Nick Hornby’s High Fidelity is a hilarious trip through the mind of a thirty-something single male who cannot decide what he wants to do with his life. Readers observe the day-to-day monotony of the narrator, Rob Fleming, as he second-guesses every decision he has ever made. Rob owns a record store called Championship Vinyl in which he sells second-hand records. He is a fanatic when it comes to music. He loves classic pop, but he spends much of his day criticizing his customers, most of whom know nothing of the music that Rob sells. Joining Rob in the sarcastic remarks that are made behind his customers’ backs are Dick and Barry, Rob’s two associates and music-loving buddies.
Rob is also helplessly in love with Laura, though he will not admit it. As the story opens, Laura has left him for Ian, a man who used to live in the upstairs apartment. The breakup was not all Laura’s fault. Rob had told her he might be interested in another woman; then he went out and had an affair. So she left him for Ian, who turns out to be a sorry substitute.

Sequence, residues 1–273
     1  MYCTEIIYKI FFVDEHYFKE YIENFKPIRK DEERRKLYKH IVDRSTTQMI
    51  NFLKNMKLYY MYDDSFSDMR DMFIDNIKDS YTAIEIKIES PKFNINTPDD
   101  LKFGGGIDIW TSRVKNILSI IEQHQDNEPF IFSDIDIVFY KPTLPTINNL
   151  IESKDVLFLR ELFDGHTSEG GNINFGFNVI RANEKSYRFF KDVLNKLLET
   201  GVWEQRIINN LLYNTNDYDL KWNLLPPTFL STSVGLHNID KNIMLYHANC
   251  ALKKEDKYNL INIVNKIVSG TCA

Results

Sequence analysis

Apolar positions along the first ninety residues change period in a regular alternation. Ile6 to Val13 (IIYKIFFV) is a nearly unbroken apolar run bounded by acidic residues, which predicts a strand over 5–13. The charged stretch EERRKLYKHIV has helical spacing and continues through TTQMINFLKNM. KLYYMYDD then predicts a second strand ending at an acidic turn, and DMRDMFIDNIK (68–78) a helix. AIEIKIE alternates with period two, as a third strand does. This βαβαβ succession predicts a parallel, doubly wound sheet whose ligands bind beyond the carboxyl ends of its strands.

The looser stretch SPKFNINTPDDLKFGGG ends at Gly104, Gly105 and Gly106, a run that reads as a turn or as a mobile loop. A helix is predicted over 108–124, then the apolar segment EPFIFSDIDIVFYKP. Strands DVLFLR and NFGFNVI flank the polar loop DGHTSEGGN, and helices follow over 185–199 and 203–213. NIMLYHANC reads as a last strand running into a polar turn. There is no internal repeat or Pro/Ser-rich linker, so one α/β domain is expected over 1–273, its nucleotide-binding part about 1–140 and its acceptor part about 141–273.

Rob has a huge problem with commitment, not just with Laura, but also with everything about his life. He was at the top of his game when he was a disc jocky. He has a knack with music, knowing what will keep a group dancing and engaged. But he does not do that anymore. He does not do much of anything except reminisce about his past, trying to figure out where he went wrong. And when he is not reminiscing, he is looking for a woman to go to bed with. That always restores his confidence, at least for a few minutes.